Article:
Monday, 13 August 2012

The publication strategy dilema

With the rise of open-access, rapidly publishing online journals academics publication strategy is becoming even more important.  These new journals do not necessarily have an impact factor but may well lead to high citations for individual articles given their more easily accessible nature.  The dilemma of where to publish to advance your academic career has never been greater.  This is well summarized in a recent article and subsequent reviews on F1000.

On plummeting manuscript acceptance rates by the main ecological journals and the progress of ecology.
Wardle DA.Ideas Ecol Evol. 2012 May 29; 5:13-5

Reviews on F1000:
Hector A: 2012.
Norton D: 2012. 

I particularly like the questions raised in the reviews as they are pertinent to my own publication dilemmas, where as an early career researcher I'm aware that I'm likely to be judged not only on the number of papers but also the impact factor or rank of the journal I publish in. 
  • Is high selectivity (and rejection rates) at journals the best system for advancing science?
  • Should a paper be judged by the journal it is in or would article-level metrics do a better job? 
  • Do we need journals any more or would we be better with a repository in the Cloud? 
  • Should all publicly-funded research be open access (as is increasingly the case in medicine)? 
  • Are new initiatives, such as PLoS, Frontiers, eLife, and Faculty of 1000's new publishing initiative F1000 Research, the way forward? 
  • Should academics in the 'more mature' stages of their careers, and for whom promotion is less of an issue, endeavor to publish research through these new publishing initiatives to counter the institutionalized emphasis on impact factor?
  • why are we so focused on quantity and what happened to the in-depth research projects or reviews of key issues that used to be published?
I also appreciate David Norton's comment about the value of books, particularly as I have recently published a couple of book chapters and have the opportunity for more - but they tend to be viewed as somehow less worthy than papers:

"I was concerned recently to hear a colleague say that a book was less important than a traditional published paper in terms of research quality – but a book might reflect the results of many years work and provide a synthesis of a considerable body of research, including much reflection; surely this is of more value to ecology than simply publishing the latest bit of data that reaches publishable size that can squeezed out of an experiment or field trial?"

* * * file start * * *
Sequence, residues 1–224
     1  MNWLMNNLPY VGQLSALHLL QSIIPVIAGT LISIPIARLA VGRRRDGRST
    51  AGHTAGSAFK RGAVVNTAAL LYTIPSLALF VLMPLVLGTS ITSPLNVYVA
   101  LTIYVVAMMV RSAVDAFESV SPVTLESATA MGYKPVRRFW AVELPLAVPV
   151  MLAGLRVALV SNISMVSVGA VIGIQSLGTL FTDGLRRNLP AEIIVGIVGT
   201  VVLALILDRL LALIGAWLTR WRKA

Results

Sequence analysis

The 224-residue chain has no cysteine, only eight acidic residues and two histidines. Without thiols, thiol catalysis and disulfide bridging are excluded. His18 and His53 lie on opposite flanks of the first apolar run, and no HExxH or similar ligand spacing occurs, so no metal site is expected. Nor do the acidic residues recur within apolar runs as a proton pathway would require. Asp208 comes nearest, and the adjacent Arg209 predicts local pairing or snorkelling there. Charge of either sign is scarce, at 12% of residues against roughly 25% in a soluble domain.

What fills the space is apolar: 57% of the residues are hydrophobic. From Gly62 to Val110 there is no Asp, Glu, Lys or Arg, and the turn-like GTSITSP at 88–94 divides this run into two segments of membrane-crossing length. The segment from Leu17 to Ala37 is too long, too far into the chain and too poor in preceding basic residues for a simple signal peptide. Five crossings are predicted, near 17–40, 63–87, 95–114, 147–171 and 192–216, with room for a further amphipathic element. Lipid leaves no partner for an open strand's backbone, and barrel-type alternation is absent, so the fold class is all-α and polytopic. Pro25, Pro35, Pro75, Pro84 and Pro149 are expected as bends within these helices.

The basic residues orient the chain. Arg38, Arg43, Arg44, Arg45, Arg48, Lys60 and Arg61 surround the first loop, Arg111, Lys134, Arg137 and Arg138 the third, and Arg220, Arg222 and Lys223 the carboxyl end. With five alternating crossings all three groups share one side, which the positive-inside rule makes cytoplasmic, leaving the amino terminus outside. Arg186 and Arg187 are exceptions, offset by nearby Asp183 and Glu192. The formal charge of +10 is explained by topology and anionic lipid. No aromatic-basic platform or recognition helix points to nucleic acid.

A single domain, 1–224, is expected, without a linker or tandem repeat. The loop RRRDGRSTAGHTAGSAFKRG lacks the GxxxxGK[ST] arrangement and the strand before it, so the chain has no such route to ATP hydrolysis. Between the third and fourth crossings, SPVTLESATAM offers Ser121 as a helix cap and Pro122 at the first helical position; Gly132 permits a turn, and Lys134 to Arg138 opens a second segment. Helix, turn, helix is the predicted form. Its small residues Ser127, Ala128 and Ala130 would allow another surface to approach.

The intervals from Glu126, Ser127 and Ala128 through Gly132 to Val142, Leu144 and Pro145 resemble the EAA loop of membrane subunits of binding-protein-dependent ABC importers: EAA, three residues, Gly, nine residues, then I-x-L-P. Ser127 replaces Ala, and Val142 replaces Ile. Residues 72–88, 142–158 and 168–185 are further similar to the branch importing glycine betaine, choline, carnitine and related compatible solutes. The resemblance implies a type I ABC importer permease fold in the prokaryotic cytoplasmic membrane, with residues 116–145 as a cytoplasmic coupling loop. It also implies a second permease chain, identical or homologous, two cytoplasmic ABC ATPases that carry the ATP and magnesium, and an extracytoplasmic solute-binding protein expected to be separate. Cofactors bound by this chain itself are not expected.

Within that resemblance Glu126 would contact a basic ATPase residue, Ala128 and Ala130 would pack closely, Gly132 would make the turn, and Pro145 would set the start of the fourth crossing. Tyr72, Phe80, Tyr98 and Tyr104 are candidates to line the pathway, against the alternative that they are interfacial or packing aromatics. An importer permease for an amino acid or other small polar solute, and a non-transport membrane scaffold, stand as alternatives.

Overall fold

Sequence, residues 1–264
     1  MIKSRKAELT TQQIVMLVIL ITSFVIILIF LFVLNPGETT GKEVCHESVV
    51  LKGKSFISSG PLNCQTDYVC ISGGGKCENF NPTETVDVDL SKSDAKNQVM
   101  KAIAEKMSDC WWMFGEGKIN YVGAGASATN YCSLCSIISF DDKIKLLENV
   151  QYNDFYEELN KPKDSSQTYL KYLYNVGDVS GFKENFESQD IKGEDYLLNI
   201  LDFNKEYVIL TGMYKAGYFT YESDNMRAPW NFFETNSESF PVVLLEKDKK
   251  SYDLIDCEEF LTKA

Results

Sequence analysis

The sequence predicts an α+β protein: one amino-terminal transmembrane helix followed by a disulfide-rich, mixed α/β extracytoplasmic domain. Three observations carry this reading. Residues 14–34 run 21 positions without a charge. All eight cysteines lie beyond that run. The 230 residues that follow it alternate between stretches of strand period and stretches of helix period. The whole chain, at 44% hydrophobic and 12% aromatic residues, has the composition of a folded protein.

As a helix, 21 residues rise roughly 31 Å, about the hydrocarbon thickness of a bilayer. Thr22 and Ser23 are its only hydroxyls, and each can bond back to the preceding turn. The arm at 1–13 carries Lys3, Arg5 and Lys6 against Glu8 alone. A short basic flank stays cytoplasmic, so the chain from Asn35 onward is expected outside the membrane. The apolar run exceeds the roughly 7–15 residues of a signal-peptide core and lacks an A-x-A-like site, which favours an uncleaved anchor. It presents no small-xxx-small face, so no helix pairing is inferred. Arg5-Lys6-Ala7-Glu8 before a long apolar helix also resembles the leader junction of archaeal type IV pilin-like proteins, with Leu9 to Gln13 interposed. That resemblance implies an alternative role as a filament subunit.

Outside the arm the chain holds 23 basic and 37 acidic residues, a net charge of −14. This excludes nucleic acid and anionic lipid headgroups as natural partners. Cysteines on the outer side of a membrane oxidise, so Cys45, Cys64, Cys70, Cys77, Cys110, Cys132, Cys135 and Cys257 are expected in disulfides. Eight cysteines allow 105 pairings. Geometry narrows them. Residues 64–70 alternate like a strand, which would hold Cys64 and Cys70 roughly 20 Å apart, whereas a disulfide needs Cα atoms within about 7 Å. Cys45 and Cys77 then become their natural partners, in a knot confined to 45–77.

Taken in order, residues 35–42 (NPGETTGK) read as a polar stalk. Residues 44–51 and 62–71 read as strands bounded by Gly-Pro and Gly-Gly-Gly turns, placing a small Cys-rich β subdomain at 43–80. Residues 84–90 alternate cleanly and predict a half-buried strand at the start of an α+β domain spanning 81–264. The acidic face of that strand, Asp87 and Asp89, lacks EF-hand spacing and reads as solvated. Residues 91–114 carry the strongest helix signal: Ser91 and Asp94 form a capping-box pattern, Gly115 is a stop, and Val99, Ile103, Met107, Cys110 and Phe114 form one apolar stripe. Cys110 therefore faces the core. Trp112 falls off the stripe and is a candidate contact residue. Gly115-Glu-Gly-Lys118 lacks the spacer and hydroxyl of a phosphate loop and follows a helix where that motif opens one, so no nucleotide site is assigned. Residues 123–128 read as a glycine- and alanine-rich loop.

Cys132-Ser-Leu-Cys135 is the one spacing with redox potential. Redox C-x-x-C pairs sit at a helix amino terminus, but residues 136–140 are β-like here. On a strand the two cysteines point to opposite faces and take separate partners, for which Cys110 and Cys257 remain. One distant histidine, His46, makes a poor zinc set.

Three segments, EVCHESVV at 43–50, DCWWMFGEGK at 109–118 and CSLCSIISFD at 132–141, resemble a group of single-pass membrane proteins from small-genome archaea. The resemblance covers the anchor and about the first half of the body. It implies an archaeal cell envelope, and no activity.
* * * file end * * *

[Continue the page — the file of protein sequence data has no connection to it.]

Thursday, 9 August 2012

An important article

Its not often we highlight an article as 'exceptional', but we felt this refutation that eloquently counters some of the rather wild articles published recently which essentially tell us to stop making so much fuss about invasive species is an important one. 

D Simberloff, L Souza, MA Nuñez, MN Barrios-Garcia and W Bunn Ecology. 2012 Mar; 93(3): 598-607

Our Review: 

Parry H, Lonsdale M: 2012. 

This paper provides some counter-evidence to the argument that native species are as likely to become problematic invaders as non-indigenous species. The authors examined the literature on plant invasions in the United States and found that a member of the naturalised non-native pool is 40 times more likely than the native species to be perceived as invasive.
It is important to note that, while 'invasive' means different things to different researchers in the literature, these authors are using it to mean spreading from the point of introduction into the natural or semi-natural habitat and having an effect on the resident species in the habitat. The authors used Web of Science literature searches to determine for the United States the proportion of native and non-native plant species that were recorded as invasive and to glean the reasons for invasions by native species. In addition to demonstrating that non-native species have far greater invasion risk than native species, they also found that the typical cause for invasiveness of native species was mainly anthropogenic environmental change, such as altered fire regimes and grazing regimes. In other words, it was unusual for native species to spontaneously invade under natural, unmodified environmental conditions.
All this provides an important counter-argument to the proposal that there is nothing special about non-native species per se, which has arisen in recent literature (e.g. [1]). According to Simberloff et al., non-native species clearly have a greater propensity to cause damage than natives, and we should use this information strategically, rather than ignore this important trait.

Davis MA, Chew MK, Hobbs RJ, Lugo AE, ..., Ehrenfeld JG, Grime JP, Mascaro J, Briggs JC Nature. 2011 Jun 9; 474(7350): 153-4